We do not find it necessary to pass upon the soundness of this conclusion, as we are of opinion that the question whether the ruling of the Supreme Court, that a repealable exemption has been in fact repealed by a subsequent statute, is one which turns upon the construction of a state law, and is not reviewable here, although if the exemption were irrepealable and thus constituted a contract, it would be our duty to decide for ourselves whether the subsequent act had repealed it or impaired its obligation. The only contract relied upon is one exempting the property of a particular corporation from taxation for a certain number of years; a contract which, in the light of the state constitution and the prior decisions of the state courts, must be read as if it contained a proviso that the legislature might in the meantime alter, amend or repeal the act. Hence, as the legislature is left entirely free to act upon the subject, no subsequent legislation could possibly impair the obligation of the contract, if such exemption can be called a contract at all. If no statute could impair it, it goes without saying that none did impair it. If, then, the decision of the Supreme Court that the legislature had in fact repealed the exemption was right, the railroad company cannot complain, since the legislature had done no more than it had a right to do. If, upon the other hand, we should be of opinion that the Supreme Court was wrong in holding the exemption repealed, such exemption would be abrogated not by the act of 1892, but by an erroneous construction of that act. Our only authority to review the action of the state courts in this class of cases under Rev. Stat. sec. 709, arises when the validity of a state statute is drawn in question on the ground of its being repugnant to the Constitution of the United States, and the decision is in favor of its validity. Now, if the statute, adjudged to be valid, does not impair the obligation of any contract, it is not repugnant to the Constitution. It is the fact that the act, as construed by the Supreme Court, impairs the obligation of a contract that gives us jurisdiction, and if there be in the act of 1882 no contract that can be impaired by subsequent legislation, it is of no consequence that the Supreme Court may have given it a wrong construction. "Before we can be asked to determine whether a statute has impaired the obligation of a contract, it should appear that there was a legal contract subject to impairment, and some ground to believe that it has been impaired." New Orleans v. New Orleans Waterworks Co., 142 U.S. 79, 88. Indeed the whole foundation of our jurisdiction in this class of cases must rest upon a contract which cannot be legally impaired.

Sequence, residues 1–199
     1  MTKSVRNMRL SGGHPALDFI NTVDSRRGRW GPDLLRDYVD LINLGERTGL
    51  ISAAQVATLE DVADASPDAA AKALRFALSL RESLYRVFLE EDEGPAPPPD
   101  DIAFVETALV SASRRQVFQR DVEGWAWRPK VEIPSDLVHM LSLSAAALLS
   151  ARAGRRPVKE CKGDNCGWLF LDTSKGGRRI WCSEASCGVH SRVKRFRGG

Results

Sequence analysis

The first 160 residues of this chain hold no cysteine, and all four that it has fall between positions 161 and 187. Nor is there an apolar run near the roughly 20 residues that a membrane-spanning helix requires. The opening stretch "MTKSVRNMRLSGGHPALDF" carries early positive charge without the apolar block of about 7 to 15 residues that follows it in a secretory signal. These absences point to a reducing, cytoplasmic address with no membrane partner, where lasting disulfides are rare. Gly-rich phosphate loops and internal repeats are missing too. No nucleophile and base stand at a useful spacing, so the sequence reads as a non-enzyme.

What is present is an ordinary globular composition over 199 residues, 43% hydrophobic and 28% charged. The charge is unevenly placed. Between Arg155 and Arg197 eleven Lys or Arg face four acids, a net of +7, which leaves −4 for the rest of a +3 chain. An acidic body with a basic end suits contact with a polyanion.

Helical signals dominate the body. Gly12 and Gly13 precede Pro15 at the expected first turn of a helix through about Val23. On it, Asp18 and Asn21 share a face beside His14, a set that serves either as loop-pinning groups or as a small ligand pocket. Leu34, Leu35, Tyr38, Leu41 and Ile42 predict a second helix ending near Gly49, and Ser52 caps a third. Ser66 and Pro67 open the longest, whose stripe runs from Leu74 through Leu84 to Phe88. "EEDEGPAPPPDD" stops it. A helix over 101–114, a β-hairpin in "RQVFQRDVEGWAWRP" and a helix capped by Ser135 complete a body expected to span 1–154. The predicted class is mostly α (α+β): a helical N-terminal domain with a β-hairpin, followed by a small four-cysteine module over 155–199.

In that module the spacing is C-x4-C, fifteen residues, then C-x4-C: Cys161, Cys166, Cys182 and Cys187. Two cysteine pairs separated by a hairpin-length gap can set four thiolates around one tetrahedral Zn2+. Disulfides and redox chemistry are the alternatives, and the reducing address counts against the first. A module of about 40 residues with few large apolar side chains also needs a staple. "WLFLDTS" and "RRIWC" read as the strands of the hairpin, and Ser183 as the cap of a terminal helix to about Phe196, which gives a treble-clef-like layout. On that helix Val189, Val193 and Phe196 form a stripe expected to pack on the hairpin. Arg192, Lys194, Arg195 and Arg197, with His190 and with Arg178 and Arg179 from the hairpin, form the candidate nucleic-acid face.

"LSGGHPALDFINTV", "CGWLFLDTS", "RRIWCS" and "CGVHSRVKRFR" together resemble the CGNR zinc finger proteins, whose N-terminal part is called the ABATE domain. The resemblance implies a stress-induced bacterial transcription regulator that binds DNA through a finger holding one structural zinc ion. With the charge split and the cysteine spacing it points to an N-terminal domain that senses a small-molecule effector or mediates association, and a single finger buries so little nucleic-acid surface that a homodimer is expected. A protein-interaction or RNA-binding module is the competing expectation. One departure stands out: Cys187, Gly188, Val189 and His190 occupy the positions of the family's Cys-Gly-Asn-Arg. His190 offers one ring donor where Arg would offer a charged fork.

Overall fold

This court has repeatedly held that we cannot revise the judgment of the highest court of a State unless, by its terms, or necessary operation, it gives effect to some provision of a state constitution or law which, as thus construed, impairs the obligation of a precedent contract. In Railroad Co. v. Rock, 4 Wall. 177, 181, this court pronounced it a "fundamental error that this court can, as an appellate tribunal, reverse the judgment of a state court, because that court may hold a contract to be void, which this court might hold to be valid." So, too, in Knox v. Exchange Bank, 12 Wall. 379, 383, it was said by Mr. Justice Miller: "But we are not authorized by the Judiciary Act to review the judgments of the state courts because their judgments refuse to give effect to valid contracts, or because those judgments, in their effect, impair the obligation of contracts. If we did, every case decided in a state court could be brought here, when the party setting up a contract alleged that the court had taken a different view of its obligation to that which he held." To the same effect are Lehigh Water Co. v. Easton, 121 U.S. 388, 392, and New Orleans Waterworks v. Louisiana Sugar Co., 125 U.S. 18, 30. In the latter case it is said by Mr. Justice Gray: "In order to come within the provision of the Constitution of the United States which declares that no State shall pass any law impairing the obligation of contracts, not only must the obligation of a contract have been impaired, but it must have been impaired by a law of the State. The prohibition is aimed at the legislative power of the State, and not at the decisions of its courts, or the acts of administrative or executive boards or officers, or the doings of corporations or individuals." See also Central Land Co. v. Laidley, 159 U.S. 103, 109.